World-renowned chef, author and Emmy winning television personality Anthony Bourdain visits Colombia in the next episode of "Anthony Bourdain: Parts Unknown," airing Sunday, April 28, at 9 p.m. ET. Follow the show on Twitter and Facebook.
In the days counting down to my trip to Colombia, I daydreamed about the culinary delights to come. It was my first time traveling to South America and nothing excited me more than the food: exotic fruits fresh off the tree, full-bodied coffee from the richest beans in the world, and succulent steaks in a country known for its beef production.
I traveled with my boyfriend, who was born in Pereira, one of the three main cities making up Colombia’s “coffee axis.” I begged him to give me an idea of what to expect on my plate. In the past, he had regaled me with stories of eating cow’s tongue for Christmas dinner and drinking juice from tropical citrus fruits whose names I could hardly pronounce. What foods would I be bragging about when I arrived back home to the States?
“Well,” he said, thinking a moment. He shrugged. “Colombia is pretty famous for its potatoes.”
Wait. Potatoes? I was not traveling there to eat potatoes! I can eat those here. I felt like someone had just given me socks for Christmas. Had he never heard of Idaho?
And yet, on my first day in Colombia, I found myself perusing the menu at a gourmet burger place. I was baffled when the server brought my boyfriend, his two siblings and me three bowls of French fries - each of which looked slightly different.
“Try this one with this sauce, and this one too. You’re going to love it,” I was told.
They did know other countries had French fries, right? But I grabbed a few different fries and noticed that oddly, they tasted nothing alike. Some were cut into wedges and had a very thick texture and almost sweet taste. Another had been fried with more grease and a few spices and felt more starchy. Although the U.S. exports about $2 million in potatoes annually to Colombia, these tots were a new experience for me.
My boyfriend’s sister laughed. "You Americans just don’t understand the potato. We do."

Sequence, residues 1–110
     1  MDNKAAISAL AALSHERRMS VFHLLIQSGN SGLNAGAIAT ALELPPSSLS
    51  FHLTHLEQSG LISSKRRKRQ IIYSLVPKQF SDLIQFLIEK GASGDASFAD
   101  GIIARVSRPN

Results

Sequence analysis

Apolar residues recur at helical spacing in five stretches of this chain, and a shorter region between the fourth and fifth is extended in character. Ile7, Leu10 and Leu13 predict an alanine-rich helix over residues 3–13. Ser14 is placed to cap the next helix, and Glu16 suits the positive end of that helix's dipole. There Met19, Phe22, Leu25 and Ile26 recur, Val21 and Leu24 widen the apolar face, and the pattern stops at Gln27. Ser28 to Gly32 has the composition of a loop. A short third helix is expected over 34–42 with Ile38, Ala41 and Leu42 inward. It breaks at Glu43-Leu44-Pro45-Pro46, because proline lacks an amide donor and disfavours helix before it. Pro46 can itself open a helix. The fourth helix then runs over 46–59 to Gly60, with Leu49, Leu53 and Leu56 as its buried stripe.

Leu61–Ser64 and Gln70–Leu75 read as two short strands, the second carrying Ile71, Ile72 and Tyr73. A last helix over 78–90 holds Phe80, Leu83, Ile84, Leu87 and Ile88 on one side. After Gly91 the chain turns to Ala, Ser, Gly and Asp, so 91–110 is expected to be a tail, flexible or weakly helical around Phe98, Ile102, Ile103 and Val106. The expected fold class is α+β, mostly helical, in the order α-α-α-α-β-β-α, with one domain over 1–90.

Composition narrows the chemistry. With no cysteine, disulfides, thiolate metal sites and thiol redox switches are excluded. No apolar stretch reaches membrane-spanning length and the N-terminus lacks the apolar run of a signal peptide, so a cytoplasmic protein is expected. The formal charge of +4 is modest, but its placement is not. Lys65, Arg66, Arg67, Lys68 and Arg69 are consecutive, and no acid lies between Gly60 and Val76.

Colombians, as it turns out, love potatoes. There are neighborhood stores that only sell beer and potatoes, both of which you can order by phone and have delivered to your door. Potatoes are served for breakfast, lunch, and dinner — and even the small meals in between.
While the U.S. has the rather demure-sounding National Potato Council, Colombia boasts the Federación Colombiana de Productores de Papa (The Colombian Federation of Potato Producers), or the Fedepapa for short. Spoken aloud, it can be heard as fe de papa: faith of the potato.
I was still dumbfounded: what was so special about these potatoes?
I posed this query on a recent Saturday to Adriana Mejia, a waitress at Las Arepas de Julia, a Colombian restaurant in the suburbs of Atlanta. She looked at me as if I’d asked why hot sauce is spicy.
“It’s important because we put it into everything,” she said, waving a hand over the vast menu. “Every dish. We fry them, we cook them, we roast them, we make them runny, we load them up, and we eat them plain. So many of our dishes need a potato to work.”
She’s right. There’s a hearty stew called sancocho that uses potatoes as a base ingredient, and caldo de papa, a clear meat broth with potatoes that serves as a great hangover cure. Potatoes are found inside fried empanadas, which are eaten as snacks.
The calentao meal takes leftover rice, meat, and potatoes — along with whatever leftovers are in the fridge — and cooks them up with eggs for breakfast. Papas chorreadas mixes oil, potatoes, scallions, tomatoes, and spices into a runny salsa, topped with a layer of cheese.